Classified as Critically Endangered, the painted terrapin (Batagur borneoensis) requires important and urgent conservation efforts. This species, known to be one of the largest living fresh water turtle species, is now only found in very small and isolated populations in southern Thailand, the Malaysian peninsula and the Indonesian islands of Sumatra and Borneo.
Female painted terrapin (credit: Joko Guntoro)
“Painted terrapins are one of the most threatened turtle species in the world and a species we are involved in conserving at the zoo through an international breeding programme,” says Catherine Barton, our Field Conservation Manager.
Extensive poaching of their eggs is one of the main drivers of this global population decline along with the deterioration of their natural river environment. Last week, the Jakarta Soekarno-Hatta airport’s quarantine officials caught a Japanese man carrying 253 reptiles in his luggage among which was a painted terrapin, a reminder that the illegal wildlife trade is also an important threat to the species.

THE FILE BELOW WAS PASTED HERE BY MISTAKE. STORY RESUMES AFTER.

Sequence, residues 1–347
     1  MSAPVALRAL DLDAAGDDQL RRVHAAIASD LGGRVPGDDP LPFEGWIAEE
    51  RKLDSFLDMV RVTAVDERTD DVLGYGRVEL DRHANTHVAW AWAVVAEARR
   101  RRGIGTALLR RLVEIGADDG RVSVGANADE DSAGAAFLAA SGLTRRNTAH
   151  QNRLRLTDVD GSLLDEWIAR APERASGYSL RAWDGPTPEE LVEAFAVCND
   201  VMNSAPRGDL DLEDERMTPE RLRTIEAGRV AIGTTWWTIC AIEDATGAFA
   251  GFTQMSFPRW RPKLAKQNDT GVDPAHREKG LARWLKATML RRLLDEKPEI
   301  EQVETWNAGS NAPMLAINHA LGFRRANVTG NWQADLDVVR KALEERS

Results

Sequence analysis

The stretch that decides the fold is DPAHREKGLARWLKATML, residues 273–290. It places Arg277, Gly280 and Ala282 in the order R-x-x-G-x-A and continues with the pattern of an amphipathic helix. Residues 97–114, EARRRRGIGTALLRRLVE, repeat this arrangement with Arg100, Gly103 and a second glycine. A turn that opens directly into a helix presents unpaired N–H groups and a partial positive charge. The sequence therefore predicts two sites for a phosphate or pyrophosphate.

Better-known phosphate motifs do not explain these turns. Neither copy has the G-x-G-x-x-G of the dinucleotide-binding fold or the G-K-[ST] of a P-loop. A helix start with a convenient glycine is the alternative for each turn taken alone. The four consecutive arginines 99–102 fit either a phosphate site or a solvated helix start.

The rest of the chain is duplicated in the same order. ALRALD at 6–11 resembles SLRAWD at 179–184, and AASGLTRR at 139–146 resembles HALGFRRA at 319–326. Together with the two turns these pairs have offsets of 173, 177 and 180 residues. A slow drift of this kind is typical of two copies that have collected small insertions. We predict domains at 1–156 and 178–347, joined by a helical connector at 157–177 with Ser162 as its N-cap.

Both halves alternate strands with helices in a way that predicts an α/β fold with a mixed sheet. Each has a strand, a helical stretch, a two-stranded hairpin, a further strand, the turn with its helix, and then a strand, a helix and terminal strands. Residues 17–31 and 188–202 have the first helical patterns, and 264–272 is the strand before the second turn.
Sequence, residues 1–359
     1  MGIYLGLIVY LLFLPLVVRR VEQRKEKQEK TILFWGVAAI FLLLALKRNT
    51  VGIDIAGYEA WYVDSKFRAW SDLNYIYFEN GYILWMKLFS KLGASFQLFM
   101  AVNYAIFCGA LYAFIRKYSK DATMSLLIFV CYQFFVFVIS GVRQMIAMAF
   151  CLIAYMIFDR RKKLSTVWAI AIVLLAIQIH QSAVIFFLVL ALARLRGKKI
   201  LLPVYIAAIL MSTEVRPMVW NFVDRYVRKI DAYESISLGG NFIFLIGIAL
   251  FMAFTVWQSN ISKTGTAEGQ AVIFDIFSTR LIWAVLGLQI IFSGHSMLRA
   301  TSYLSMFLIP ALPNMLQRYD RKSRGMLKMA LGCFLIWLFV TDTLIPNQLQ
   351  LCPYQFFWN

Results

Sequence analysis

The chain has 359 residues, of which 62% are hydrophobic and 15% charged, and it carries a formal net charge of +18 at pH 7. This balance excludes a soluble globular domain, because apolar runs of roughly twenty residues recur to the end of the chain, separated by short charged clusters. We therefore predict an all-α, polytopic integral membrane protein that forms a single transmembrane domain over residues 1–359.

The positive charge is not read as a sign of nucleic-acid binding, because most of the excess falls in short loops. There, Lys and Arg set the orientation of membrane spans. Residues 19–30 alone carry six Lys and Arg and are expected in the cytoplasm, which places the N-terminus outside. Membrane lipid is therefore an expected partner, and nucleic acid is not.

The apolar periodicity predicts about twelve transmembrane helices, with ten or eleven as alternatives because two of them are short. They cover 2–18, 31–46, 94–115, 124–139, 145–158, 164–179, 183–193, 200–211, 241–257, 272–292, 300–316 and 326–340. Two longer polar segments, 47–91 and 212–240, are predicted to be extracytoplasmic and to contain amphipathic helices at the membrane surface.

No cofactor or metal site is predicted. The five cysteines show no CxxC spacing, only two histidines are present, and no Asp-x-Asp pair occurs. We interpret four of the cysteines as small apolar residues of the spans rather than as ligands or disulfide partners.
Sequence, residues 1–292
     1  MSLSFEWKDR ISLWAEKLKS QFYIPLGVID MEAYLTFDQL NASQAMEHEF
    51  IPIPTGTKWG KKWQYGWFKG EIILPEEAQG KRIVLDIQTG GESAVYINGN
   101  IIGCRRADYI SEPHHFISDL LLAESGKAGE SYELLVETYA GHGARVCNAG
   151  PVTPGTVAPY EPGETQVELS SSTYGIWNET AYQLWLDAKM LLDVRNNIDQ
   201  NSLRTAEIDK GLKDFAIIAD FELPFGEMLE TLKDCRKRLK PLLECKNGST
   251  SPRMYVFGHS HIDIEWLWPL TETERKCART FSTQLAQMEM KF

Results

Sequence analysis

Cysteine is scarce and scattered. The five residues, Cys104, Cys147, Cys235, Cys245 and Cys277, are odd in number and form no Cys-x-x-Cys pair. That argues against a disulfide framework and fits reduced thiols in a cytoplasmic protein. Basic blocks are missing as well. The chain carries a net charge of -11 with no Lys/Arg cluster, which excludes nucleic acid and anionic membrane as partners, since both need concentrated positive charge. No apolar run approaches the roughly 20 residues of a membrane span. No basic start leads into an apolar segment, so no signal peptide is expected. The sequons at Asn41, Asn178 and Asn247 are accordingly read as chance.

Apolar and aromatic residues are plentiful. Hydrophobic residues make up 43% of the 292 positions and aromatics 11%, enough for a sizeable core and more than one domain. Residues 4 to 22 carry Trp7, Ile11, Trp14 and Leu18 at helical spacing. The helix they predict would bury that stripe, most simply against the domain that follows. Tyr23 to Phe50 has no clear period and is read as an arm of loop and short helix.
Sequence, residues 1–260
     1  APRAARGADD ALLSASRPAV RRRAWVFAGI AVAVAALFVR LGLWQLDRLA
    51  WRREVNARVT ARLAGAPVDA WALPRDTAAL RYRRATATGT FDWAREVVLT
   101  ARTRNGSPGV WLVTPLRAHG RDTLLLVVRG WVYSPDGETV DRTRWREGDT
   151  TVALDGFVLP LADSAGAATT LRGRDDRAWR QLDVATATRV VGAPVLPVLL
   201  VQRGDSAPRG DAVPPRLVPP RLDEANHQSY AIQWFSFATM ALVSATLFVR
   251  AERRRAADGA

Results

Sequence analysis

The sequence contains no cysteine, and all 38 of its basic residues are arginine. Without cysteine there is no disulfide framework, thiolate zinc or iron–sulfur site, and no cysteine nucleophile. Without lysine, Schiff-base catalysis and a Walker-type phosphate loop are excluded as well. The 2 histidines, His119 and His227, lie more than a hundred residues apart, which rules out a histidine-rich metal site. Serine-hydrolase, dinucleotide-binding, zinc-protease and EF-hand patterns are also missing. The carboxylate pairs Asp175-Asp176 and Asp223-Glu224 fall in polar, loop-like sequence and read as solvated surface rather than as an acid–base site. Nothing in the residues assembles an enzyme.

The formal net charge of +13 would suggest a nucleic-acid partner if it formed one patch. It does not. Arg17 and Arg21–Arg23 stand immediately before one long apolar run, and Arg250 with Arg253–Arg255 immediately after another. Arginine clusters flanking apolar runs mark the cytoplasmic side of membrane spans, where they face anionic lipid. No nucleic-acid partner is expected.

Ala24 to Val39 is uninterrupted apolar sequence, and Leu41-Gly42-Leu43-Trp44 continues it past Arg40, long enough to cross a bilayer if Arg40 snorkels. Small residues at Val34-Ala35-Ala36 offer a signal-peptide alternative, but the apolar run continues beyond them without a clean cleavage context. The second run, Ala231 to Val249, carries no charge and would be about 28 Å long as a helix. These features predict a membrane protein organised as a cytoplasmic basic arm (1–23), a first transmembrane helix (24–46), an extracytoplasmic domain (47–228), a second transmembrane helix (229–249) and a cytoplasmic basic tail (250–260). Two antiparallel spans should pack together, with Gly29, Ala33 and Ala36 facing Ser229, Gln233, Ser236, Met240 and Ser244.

Conservationists tagging painted terrapins in the field.
We are working alongside the Satucita Foundation to protect the species in the District of Aceh Tamiang, Sumatra, which is believed to be the last stronghold for this species in Indonesia. Conducting beach patrols, the Painted Terrapin Conservation Programme team collects eggs from natural nests and then relocates them to secured areas where the eggs can be monitored and protected from poachers in collaboration with local community groups.
The nest patrols for this year ended last month and secured 424 eggs from 26 nests, of which 371 eggs successfully hatched (an 88% hatching rate). All hatchlings were immediately released after hatching and so far 1,204 painted terrapin were released into the wild in 2017. This number is expected to boost the critically endangered wild population.
Litter on a painted terrapin nesting beach.
The conservation of painted terrapin is important to recover wild populations and prevent further local extinction that has been occurring in places historically recorded as their distribution area.
In addition to this work in the field, awareness campaigns and socialisation actions reached about 200 people consisting mostly of students and villagers. Many of these villagers used to collect turtles eggs but are now trained to conduct nesting patrols and to collect ecological data on the animals.
“Our support for the work of Satucita Foundation on Sumatra is vital to ensure this species is protected and thrives in Indonesia,” explains Catherine. “Our partners in the field are hugely dedicated to the conservation of the species and we hope that our support, both financially and through skills learnt in the zoo, can assist the success of this conservation mission.”
Painted terrapin hatchery.